Hair Loss In Women: Learn More About Androgenic Alopecia

The effects of Female Pattern Hair Loss

Alopecia is the medical term that refers to hair loss. Approximately 33 percent of women suffer from this condition at one point or another. Menopause is a particularly vulnerable time; up to 66 percent of women notice either bald spots or thinning. While men also suffer from hair loss, it seems to be harder for women to deal with. It is not quite as common and it holds more of a stigma. Therefore, alopecia takes a toll emotionally and can affect daily life.

Androgenetic alopecia is the most prevalent type of hair loss, for both men and women. Men generally notice a receding hairline begin near the temple; eventually, the hair takes on an “M” shape. It is not uncommon to have less hair on top, either, and some men eventually become bald.

For women, androgenetic alopecia starts with thinning near the area where they part their hair. There is then additional hair loss on the top of the head. Women are different from men in that they usually do not experience a receding hairline and they almost never become bald (although it is possible).

There are a lot of reasons why hair loss may occur. For some with female pattern hair loss, there is a medical issue involved. For others, it is the result of stress or a particular medication that they are taking. If you are losing hair, and you are not sure why, speak to your doctor right away. He or she can figure out what is going on and come up with a plan to help you going forward. In addition, depending on how you feel about the hair loss, you may want to request a referral to a support group or therapist. Hair loss can be very difficult to handle, but there are a lot of resources available to you on your journey.

Female Hair Loss: Type I, II & III

There are three types of female pattern hair loss. Type I is the least severe; the hair is thinning, but the issue can be concealed with creative hair styling techniques. Type II is a little more serious; the mid-line part is affected and there is less hair volume. Type III is the most severe; there is a lot of thinning, and the scalp shows through.

Androgenic Alopecia

The term “androgenic alopecia” was introduced earlier in this text, but many people are not familiar with it. Most women experience female pattern hair loss at some point in their lives. It can begin as early as puberty, but most women do not see a difference in their hair until menopause. There is a greater chance of hair loss as you get older, and the condition is genetic as well.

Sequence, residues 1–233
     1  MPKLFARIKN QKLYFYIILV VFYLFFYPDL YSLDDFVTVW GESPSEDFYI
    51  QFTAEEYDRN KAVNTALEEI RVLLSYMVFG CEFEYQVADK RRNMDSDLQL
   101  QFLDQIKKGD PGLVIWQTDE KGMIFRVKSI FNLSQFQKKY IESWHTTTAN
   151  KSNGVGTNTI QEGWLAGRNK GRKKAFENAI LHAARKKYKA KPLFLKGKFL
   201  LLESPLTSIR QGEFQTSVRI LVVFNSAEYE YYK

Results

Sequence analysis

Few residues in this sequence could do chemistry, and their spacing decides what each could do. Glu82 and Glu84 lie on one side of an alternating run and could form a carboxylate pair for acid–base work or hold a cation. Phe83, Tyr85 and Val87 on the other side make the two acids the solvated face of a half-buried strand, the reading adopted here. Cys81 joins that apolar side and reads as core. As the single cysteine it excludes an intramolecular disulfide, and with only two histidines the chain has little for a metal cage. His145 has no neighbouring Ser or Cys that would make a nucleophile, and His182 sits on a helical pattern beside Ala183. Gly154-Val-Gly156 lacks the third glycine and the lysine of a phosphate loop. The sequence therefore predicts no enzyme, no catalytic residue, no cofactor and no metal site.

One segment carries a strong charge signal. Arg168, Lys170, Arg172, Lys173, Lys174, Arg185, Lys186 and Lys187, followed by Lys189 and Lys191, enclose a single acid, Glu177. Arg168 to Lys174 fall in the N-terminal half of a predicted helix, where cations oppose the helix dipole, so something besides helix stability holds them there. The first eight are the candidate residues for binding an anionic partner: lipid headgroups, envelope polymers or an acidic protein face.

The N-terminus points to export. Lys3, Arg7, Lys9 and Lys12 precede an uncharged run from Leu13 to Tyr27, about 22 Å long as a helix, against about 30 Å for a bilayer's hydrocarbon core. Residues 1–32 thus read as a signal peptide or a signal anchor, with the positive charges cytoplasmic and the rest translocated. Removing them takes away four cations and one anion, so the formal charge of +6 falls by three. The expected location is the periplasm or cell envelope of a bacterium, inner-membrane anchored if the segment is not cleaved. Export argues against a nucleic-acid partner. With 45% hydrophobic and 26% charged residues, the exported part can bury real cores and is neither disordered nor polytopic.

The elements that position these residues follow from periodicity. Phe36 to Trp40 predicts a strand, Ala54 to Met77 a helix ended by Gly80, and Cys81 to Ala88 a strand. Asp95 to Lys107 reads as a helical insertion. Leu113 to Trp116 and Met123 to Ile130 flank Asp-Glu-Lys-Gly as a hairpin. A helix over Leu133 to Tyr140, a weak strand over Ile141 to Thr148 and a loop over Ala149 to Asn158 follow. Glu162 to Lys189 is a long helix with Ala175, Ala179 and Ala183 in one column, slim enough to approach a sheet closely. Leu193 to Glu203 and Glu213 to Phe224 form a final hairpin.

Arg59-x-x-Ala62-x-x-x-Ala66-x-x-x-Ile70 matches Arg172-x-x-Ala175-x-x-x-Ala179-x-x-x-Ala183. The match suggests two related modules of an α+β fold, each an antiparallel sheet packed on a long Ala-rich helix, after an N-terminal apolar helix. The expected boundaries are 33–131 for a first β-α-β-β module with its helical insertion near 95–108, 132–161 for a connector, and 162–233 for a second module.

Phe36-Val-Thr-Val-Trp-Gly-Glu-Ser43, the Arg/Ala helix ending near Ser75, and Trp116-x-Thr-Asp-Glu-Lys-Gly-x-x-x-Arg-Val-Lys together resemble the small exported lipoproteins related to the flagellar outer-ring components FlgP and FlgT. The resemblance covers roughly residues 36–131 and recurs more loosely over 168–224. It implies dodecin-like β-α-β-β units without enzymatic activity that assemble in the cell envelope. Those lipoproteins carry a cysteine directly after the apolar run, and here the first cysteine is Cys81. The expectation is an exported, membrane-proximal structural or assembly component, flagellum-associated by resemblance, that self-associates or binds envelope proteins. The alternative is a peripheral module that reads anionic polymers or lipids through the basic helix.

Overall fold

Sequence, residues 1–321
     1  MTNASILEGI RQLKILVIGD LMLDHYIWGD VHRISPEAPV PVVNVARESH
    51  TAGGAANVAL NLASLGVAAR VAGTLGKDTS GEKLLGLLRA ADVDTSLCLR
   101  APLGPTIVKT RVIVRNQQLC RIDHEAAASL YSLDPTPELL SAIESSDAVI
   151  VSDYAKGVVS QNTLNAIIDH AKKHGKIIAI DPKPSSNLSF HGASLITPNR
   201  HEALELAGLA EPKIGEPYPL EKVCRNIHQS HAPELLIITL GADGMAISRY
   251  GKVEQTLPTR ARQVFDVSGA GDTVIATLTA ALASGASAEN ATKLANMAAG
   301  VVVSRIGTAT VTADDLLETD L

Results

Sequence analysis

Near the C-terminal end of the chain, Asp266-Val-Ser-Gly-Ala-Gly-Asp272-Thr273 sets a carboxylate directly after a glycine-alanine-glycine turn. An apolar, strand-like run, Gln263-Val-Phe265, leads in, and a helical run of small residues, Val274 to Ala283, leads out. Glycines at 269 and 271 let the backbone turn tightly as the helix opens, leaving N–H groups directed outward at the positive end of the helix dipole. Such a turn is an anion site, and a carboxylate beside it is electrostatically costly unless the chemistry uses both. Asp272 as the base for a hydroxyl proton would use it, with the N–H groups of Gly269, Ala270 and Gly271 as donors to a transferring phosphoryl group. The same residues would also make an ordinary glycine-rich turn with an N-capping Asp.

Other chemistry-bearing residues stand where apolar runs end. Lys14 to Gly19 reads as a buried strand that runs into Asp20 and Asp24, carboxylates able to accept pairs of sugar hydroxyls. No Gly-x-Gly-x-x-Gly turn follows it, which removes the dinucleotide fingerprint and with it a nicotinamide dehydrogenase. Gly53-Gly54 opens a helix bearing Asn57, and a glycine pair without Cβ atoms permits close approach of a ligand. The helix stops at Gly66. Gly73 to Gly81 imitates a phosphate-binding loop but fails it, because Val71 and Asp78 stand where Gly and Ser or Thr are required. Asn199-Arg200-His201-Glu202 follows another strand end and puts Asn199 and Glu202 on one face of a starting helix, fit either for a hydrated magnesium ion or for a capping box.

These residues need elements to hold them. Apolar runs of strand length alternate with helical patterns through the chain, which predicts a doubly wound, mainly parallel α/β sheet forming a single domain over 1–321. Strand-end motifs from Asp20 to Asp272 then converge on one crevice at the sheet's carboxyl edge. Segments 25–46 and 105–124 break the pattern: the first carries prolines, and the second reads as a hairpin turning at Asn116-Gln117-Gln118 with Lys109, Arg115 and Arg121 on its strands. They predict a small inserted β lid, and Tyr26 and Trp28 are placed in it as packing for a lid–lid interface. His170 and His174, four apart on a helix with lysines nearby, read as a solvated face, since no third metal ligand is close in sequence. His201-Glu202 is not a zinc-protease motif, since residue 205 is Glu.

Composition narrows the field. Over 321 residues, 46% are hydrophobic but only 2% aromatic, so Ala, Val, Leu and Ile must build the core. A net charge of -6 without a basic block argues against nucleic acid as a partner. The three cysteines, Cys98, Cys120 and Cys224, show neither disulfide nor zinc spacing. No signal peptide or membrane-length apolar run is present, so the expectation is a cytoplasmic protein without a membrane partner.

Androgen are hormones that both men and women have. They play a role in sex drive and hair growth. Androgenic alopecia results from the action of these hormones; it can be genetic. However, it can also come about because of an endocrine condition. For example, some people have too much androgen, while others have an androgen-secreting tumor. Regardless, the hair loss is thought to have something to do with heightened androgen activity. Androgenic alopecia is a little more clear cut with men. However, in women, it is difficult to figure out the role that androgen’s play in hair loss. Because there could potentially be a tumor, women need to have their androgen levels monitored if they are experiencing this issue.

Why do people with androgenic alopecia experience hair loss? There is less time for the hair to grow and more time for the hair to shed. As a result, once the hair falls out, there is a longer than normal delay before the hair begins to regrow. In addition, the follicle is different; it is smaller and shorter. Therefore, hair that is thicker (and lives longer) sheds and then a smaller, shorter hair takes its place.

Hair has three growth stages. The first in anagen; this is when the hair actively grows, and it can last anywhere from two to seven years. Next is catagen; this phase is much shorter at just two weeks. The hair shaft begins to go to the surface, while the dermal papilla starts to come apart from the follicle. The last phase is the resting phase, and it is known as telogen. Telogen lasts about ninety days, and when it is over, the hair sheds from the body.

A doctor makes a diagnosis based on a physical examination of the scalp and by looking at the patient’s medical history. If a pattern of hair loss is present, it may be necessary to run blood tests to figure out why the loss is occurring. For example, iron deficiency, hypothyroidism or hyperthyroidism could be part of the problem.

Medication

Most women with hair loss are prescribed medication to combat the issue. There are several types of medication that may be used. For example, Minoxidil, commonly known as Rogaine, was initially created to help with high blood pressure. However, patients quickly realized that they were growing hair in areas where there had been previous loss. Studies showed that minoxidil was effective in helping hair growth. No one really knows why this is true, however.

There are several studies that show that minoxidil is effective. For example, in one, half of the participants had minimal hair growth (compared to 33 percent in the placebo group). Thirteen percent had moderate hair growth (compared to six percent in the placebo group). In another study, 60 percent of the women that received minoxidil saw some hair growth (40 percent in the placebo group reported hair growth).

Minoxidil does have drawbacks, however. Some users state that there is a residue from the solution that bothers their skin. This issue is known as contact dermatitis and is likely the result of the alcohol that is in the solution rather than the minoxidil. Ask your doctor about a prescription for the five percent solution rather than using the over the counter two percent solution. The former is available as a foam, which appears to be easier on the scalp.

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